It’s likely there are many examples within your organisation of safety requirements which can effectively contribute to the safety of work one day, and to safety clutter the next. So, the real question we should be asking is, how we can make our safety work activities less likely to ever become safety clutter?
Conversations about clutter
Safety clutter is not inevitable, but it is impossible to eliminate because that’s the way organisations function. However, there are clear steps we can take to avoid creating excess safety pressure from adding unhelpful safety requirements and processes into the system. In other words, to disengage the ratchet effect.
Safety professionals shouldn’t be afraid to introduce a discussion around safety clutter into management teams and the workforce. Listen to their answers. Listen when people tell you that a process or form is rubbish. Process owners won’t enjoy hearing that their process is ineffective or ignored, but it’s better than them not hearing it and believing in a different reality – that helps no one.
Encourage conversations about safety at all levels. What you think as a safety professional is important is likely to be different from the experience of workers who complete the task. Be curious. Ask people to share their honest experience of safety management activities and whether they believe they have an impact.
Run an experiment
Ask people directly what they would like to start doing/stop doing, or do more of/do less of, when it comes to safety activities. Encourage managers to ask their workers, “What is the least valuable thing I ask you to do here each day?”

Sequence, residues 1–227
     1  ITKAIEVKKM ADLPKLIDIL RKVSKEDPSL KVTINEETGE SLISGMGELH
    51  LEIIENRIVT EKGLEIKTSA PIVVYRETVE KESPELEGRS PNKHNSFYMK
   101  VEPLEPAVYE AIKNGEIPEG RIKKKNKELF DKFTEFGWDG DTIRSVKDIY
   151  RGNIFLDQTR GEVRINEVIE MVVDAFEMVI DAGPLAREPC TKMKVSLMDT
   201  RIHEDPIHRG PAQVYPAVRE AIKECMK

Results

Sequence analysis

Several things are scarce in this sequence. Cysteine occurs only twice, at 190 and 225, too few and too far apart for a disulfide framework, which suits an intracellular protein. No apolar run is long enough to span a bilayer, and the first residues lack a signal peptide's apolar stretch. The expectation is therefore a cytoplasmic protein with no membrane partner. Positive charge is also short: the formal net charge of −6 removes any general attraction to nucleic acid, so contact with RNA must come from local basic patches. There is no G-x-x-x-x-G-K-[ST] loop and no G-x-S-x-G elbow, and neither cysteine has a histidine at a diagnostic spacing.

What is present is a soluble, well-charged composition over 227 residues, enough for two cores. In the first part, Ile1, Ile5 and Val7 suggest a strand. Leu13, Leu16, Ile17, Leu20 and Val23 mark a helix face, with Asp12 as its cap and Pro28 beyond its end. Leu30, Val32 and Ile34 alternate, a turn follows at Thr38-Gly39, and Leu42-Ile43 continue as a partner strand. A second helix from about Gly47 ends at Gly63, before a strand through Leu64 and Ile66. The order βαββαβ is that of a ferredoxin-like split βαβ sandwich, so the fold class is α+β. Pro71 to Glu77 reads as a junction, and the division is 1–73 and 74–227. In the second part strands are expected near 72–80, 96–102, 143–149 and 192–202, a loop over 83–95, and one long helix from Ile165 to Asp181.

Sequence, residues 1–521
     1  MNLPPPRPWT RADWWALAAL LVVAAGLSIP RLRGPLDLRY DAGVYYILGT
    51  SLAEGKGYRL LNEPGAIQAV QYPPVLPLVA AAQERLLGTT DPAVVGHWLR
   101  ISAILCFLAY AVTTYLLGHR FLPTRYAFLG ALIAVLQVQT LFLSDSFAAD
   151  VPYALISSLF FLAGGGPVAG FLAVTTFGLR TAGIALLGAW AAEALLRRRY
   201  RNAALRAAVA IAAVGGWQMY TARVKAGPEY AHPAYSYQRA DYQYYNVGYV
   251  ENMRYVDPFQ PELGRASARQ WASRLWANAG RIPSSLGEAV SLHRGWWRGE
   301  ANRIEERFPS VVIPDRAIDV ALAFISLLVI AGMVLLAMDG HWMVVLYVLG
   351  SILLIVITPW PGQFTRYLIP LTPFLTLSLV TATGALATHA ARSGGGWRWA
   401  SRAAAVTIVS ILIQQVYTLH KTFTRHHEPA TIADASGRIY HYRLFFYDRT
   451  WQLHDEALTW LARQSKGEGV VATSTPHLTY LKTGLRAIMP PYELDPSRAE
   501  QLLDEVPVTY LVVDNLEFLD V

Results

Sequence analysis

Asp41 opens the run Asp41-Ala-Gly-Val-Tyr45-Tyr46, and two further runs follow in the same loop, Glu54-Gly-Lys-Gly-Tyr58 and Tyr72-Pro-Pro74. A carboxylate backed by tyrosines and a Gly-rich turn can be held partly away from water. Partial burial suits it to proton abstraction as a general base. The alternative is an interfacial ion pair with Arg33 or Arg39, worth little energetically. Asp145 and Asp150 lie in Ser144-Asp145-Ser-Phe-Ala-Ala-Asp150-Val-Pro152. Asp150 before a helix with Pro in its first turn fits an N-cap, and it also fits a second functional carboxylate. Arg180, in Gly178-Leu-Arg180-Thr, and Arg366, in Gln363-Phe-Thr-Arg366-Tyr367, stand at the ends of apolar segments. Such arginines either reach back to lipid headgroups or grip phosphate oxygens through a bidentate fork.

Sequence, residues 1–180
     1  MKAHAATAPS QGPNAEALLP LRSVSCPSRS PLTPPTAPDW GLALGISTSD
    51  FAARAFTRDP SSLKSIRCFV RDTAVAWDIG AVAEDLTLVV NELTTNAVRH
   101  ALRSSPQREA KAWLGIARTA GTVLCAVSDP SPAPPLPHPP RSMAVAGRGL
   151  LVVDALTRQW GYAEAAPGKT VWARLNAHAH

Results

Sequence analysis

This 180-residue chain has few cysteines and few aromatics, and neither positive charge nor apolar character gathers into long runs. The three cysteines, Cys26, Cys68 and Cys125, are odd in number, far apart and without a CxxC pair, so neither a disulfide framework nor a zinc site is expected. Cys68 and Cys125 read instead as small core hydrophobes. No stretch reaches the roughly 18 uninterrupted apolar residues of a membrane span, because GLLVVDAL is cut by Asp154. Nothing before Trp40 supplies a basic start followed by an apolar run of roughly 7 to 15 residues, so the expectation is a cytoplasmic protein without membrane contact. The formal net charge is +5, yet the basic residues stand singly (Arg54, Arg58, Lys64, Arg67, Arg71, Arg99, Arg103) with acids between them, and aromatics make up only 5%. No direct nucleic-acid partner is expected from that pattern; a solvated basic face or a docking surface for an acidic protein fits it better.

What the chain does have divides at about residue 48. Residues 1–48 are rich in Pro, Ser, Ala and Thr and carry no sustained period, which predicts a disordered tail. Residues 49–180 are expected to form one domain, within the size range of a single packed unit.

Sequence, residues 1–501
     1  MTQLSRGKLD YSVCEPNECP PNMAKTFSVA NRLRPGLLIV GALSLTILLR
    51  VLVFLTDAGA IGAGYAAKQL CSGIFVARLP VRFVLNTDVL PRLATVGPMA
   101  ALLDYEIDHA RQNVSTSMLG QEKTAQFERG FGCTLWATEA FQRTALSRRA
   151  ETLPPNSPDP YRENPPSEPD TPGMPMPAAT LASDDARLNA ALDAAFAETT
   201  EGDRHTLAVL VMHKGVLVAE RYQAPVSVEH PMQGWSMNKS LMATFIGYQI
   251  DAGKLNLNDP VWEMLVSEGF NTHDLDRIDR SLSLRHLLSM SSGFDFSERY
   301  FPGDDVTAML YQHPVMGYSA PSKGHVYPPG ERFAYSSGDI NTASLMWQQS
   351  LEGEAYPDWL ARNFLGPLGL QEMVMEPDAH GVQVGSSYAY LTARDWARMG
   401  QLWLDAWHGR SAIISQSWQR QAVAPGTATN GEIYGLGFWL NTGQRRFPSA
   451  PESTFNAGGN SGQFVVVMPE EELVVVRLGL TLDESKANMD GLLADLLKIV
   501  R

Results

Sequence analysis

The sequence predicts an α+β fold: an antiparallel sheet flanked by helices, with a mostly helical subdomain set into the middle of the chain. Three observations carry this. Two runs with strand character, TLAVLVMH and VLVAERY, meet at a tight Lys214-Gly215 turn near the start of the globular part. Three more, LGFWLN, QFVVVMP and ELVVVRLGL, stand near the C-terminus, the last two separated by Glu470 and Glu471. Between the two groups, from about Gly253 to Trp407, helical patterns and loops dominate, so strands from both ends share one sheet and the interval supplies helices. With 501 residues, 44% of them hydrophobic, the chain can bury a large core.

You will soon identify some low hanging fruit, namely any safety activity where there’s a:
- low contribution to the safety of work;
- high confidence in this low contribution; and
- high consensus in the low contribution and high confidence.
Where there’s clear consensus among all stakeholders that a process or activity is safety clutter, there’s an opportunity to remove or significantly re-engineer it. Think of it as a micro-experiment.
1 Rae, A. J., Provan, D. J., Weber, D. E., & Dekker, S. W. A. (2018). Safety clutter: the accumulation and persistence of ‘safety’ work that does not contribute to operational safety. Policy and Practice in Health and Safety, 16(2), 194-211.
2 Rae, A., & Provan, D. (2019). Safety work versus the safety of work. Safety science, 111, 119-127.
Melbourne-based David Provan is managing director of Forge Works. He will be a keynote speaker at the 2021 Safeguard National Health & Safety Conference.